Supporter of the busway, Connecticut Representative Tony Guerrera stated, in an interview with local news, that the real goal of the busway is about "getting people off of the roadway. That was the most important. About 18,000 per day." I wonder if Rep. Guerrera plans on counting himself as one of the 18,000 people that will willingly give up their personal vehicle, for public transportation?
One easy way to get people to stop driving, is to make the cost of driving too much of an expense for the average person to bare. Connecticut currently has the highest combined state and federal taxes on the sale of gasoline in the Northeast, resulting in Connecticut having the highest gas prices in the region. This is because Connecticut imposes two taxes on gasoline: a State Excise Tax and a Gross Receipts Tax. The State's Excise Tax holds at a steady rate of $0.25 per gallon. While that price seems high, the tax actually stays relatively even with the surrounding states. What actually hurts Connecticut drivers the most is the state's Gross Receipts Tax The Gross Receipts tax started at 2% in 1981, has gradually increased to it's current rate, 7.53%, and is currently scheduled to increase to an effective rate of 8.81% on July 1st 2013. If you add this to the ever-increasing cost of car registration, car taxes, license fees, car insurance, etc., you can imagine a future with very few people being able to afford the luxury of having their own personal vehicles.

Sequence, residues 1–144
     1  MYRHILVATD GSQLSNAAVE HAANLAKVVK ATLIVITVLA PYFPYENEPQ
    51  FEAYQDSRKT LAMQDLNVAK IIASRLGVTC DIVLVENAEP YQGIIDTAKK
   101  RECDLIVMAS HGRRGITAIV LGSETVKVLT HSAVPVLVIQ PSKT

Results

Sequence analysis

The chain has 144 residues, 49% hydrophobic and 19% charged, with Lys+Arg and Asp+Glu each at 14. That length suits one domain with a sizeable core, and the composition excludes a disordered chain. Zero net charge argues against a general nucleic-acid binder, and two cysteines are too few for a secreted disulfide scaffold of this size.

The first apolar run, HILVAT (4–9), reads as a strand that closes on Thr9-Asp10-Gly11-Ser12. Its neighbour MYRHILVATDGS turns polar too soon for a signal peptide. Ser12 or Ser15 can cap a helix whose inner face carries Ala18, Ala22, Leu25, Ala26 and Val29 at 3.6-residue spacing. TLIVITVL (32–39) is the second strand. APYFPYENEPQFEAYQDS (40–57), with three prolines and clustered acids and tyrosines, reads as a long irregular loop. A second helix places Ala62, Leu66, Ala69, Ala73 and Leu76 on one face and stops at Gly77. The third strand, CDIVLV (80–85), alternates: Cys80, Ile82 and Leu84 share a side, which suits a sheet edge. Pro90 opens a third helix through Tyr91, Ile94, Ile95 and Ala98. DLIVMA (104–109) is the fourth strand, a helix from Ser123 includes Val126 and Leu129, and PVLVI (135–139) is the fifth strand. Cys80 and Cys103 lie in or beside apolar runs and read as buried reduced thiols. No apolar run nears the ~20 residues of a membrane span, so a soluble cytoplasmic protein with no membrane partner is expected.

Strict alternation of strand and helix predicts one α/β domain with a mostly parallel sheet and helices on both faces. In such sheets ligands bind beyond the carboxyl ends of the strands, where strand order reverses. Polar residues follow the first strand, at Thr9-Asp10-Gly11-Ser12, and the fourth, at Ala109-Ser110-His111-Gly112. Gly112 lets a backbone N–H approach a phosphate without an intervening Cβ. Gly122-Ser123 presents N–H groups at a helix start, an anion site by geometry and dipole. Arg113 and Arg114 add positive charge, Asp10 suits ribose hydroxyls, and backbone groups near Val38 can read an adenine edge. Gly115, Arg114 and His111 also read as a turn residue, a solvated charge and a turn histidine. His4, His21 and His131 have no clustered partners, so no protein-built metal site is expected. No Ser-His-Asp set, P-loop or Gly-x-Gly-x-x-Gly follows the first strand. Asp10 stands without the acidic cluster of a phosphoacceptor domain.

There are many state representatives against the creation of the busway (Rep. Rob Sampson, Rep. Selim Noujaim, Rep. Whit Betts, Sen. Joseph Markley, Sen. Andrew Roraback, and more), mainly due to the cost of the project, and the current situation of the states finances. Senator Joseph Markley estimated the cost of the busway to be "nearly a thousand dollars an inch", and added "this is the most preposterous waste of state money I have ever seen."
(CT State Representative Rob Sampson Opposing The New Britain-Hartford busway)
Interestingly, there was a website solely dedicated to informing the public on, and trying to block the creation of, CTFastrak, www.BlockTheBus.com , but I recently went to check back on the website, for research purposes, and that website is no longer available.
Business owners in the area don't seem to be too excited about the project either. "I think it's a waste of money, in my opinion," said Eric Barreira, owner of a Dunkin' Donuts shop, in the area of the proposed busway. "I'm not going to take the bus, and I'm pretty sure 95 percent of the people that are here are not going to take that bus." Others have criticized the "pork projects" that have come along with the funding of the busway. Also, an industry insider told me that local companies in the planning and construction fields constantly criticize this busway project, and laughingly refer to this obvious waste of money as a "busway for drug dealers", among other names.